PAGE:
4. How do you assure quality and continuous improvement?

Great leaders instill in those around them the belief that everyone has a stake in the business getting better. Apple is a classic example of the relentless focus upon improving every aspect of the product and the user experience.

Effectiveness is doing the right things. Efficiency is doing things right. Your systems and processes ensure that people are doing the right things. Supervision and management ensures that people do things right.

5. What is Service Excellence?

The paradox of Service Excellence is that the answer begins with your answers to each of the first four questions. Satisfaction is the ratio of experience to expectation.

Doing common things uncommonly well requires a commitment to excellence on the part of every employee. It also involves the recognition that what is value added today will be expected tomorrow.

Continuous improvement is a fundamental underpinning of excellence. The principle of creative destruction does apply. As a leader, you are constantly confronting the sense of entitlement that comes with success. Entitlement is an illusion. Yet, it is a natural bi-product of success.

We believe that we have earned the right to client loyalty and to high fees. People are grateful, but only for a short time. Then, they want to know what we are going to do for them going forward.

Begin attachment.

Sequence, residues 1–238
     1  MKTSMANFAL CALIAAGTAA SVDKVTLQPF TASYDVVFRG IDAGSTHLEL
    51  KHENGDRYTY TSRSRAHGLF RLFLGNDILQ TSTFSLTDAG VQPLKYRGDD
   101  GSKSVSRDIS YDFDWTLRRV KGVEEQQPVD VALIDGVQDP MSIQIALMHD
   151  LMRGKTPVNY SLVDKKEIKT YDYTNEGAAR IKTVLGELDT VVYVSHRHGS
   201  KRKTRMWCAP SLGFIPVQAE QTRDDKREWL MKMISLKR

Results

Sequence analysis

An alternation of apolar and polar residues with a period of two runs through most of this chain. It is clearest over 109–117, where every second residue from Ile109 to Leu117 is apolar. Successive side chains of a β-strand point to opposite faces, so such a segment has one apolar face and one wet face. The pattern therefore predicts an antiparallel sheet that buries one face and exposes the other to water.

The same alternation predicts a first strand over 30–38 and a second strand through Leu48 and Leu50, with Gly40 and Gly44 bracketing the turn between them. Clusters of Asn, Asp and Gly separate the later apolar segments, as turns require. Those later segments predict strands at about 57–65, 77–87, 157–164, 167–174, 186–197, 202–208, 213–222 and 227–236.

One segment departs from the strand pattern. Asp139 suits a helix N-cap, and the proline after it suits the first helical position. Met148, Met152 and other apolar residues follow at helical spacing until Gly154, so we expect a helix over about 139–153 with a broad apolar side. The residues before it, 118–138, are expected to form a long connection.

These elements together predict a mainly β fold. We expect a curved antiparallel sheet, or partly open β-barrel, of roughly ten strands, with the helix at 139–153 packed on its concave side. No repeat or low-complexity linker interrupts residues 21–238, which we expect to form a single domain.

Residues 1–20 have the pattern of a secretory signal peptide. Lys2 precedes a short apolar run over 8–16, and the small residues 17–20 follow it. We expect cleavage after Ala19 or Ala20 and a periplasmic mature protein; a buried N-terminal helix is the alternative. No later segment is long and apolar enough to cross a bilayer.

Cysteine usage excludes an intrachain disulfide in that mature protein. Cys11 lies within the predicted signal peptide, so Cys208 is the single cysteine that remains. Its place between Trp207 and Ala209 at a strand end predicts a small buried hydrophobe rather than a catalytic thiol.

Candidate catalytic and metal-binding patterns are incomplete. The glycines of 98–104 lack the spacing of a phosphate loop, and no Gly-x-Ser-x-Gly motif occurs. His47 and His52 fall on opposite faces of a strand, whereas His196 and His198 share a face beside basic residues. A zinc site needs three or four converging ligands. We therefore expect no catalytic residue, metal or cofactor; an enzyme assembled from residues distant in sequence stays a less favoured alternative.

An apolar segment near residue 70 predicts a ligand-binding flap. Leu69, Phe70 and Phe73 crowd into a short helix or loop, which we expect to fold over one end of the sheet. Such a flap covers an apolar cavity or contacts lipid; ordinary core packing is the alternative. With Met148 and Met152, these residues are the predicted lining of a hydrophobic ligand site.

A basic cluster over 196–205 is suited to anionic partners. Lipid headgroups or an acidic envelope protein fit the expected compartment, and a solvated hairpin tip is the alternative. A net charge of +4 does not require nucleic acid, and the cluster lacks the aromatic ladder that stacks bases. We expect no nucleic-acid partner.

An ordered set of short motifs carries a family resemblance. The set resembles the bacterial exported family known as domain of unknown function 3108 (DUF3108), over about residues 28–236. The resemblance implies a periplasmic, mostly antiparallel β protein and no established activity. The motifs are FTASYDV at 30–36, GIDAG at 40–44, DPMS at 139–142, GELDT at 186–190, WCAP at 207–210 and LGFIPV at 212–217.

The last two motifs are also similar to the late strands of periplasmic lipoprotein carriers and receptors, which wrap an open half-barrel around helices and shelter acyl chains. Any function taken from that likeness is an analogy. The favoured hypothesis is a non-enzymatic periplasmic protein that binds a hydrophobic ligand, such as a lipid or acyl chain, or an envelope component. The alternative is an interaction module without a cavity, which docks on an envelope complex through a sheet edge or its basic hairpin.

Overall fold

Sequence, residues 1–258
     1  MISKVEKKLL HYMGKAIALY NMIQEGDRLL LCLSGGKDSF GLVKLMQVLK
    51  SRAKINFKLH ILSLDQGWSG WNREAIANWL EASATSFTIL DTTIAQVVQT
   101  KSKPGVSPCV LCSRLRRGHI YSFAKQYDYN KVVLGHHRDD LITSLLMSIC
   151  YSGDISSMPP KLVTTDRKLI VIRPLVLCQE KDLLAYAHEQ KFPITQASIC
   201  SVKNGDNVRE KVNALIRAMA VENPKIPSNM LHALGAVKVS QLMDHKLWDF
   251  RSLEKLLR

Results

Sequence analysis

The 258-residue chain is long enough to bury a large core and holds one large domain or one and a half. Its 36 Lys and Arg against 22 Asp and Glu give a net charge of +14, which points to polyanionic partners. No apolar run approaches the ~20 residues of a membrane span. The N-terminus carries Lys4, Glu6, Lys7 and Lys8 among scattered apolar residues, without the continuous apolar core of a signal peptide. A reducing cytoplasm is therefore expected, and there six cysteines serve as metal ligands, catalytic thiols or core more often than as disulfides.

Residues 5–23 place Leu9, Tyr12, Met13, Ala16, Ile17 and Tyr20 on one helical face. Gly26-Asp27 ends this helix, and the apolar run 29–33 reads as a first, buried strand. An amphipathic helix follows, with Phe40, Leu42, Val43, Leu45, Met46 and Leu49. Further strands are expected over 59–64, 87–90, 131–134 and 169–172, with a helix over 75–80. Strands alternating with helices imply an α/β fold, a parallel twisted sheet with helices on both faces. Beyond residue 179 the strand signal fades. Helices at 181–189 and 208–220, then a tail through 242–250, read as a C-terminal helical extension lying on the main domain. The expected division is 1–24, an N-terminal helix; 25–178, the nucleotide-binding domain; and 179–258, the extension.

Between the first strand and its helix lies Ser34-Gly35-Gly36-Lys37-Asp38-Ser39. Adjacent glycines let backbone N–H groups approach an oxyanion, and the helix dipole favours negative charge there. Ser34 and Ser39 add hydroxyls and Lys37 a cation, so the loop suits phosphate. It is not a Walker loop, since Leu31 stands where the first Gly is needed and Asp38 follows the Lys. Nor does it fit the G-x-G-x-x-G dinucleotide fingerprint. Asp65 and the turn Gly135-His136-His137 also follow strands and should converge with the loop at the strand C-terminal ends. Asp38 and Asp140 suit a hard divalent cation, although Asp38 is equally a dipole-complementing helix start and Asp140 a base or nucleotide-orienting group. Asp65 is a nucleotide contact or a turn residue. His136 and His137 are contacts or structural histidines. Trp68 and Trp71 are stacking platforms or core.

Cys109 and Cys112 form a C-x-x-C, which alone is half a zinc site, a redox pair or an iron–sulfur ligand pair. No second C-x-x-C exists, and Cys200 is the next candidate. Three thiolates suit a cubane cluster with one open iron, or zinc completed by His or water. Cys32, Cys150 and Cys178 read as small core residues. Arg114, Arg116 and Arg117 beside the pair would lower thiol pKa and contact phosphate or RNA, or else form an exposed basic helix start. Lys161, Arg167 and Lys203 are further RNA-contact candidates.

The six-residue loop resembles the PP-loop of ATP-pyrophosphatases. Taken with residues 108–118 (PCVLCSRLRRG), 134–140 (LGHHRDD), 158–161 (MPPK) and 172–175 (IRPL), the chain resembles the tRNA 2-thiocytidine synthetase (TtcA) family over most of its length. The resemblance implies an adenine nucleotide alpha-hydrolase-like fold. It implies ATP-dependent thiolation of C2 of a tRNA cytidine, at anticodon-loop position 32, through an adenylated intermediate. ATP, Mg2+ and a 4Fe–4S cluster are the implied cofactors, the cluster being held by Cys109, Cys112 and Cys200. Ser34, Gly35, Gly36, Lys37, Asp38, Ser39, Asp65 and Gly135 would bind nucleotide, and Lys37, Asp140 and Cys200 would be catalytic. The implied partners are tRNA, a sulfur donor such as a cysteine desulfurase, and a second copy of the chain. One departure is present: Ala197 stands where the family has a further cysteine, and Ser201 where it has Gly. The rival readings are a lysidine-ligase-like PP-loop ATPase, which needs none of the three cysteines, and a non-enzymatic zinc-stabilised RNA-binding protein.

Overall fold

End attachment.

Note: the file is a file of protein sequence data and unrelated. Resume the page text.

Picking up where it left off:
Great leaders continuously challenge people to be better at what they do, to continuously learn and grow. As a result, they bring out the best in people who are committed to grow and make it uncomfortable for people who do not share the values of excellence.

Great leaders also elevate the level of the conversation. They educate those around them with regard to the firm’s business model, products, services, markets and ideas, the systems and processes that differentiate the way in which they do business and the relentless focus upon quality and continuous improvement.

These are the elements that lead to Service Excellence. Leadership training facilitates a culture of ongoing feedback that informs everyone with regard to the standards of service excellence and their contribution.


In answering the above questions, start by describing your Business Model i.e. how you will assure the viability of your business, the return on your time and capital invested and the creation of shareholder wealth. This will naturally lead to an exploration of the products and services you offer, the markets you serve and the ideas that differentiate your business. It will require you to think about the systems and processes required to serve your clients and attract new clients. Ultimately, you will evolve a picture of Service Excellence and what is required to be effective and efficient in delivering this level of service to your clients.

Head to our blog Business Plan: Defining Your Opportunity to learn how you can effectively uncover the areas of greatest potential in growing your business.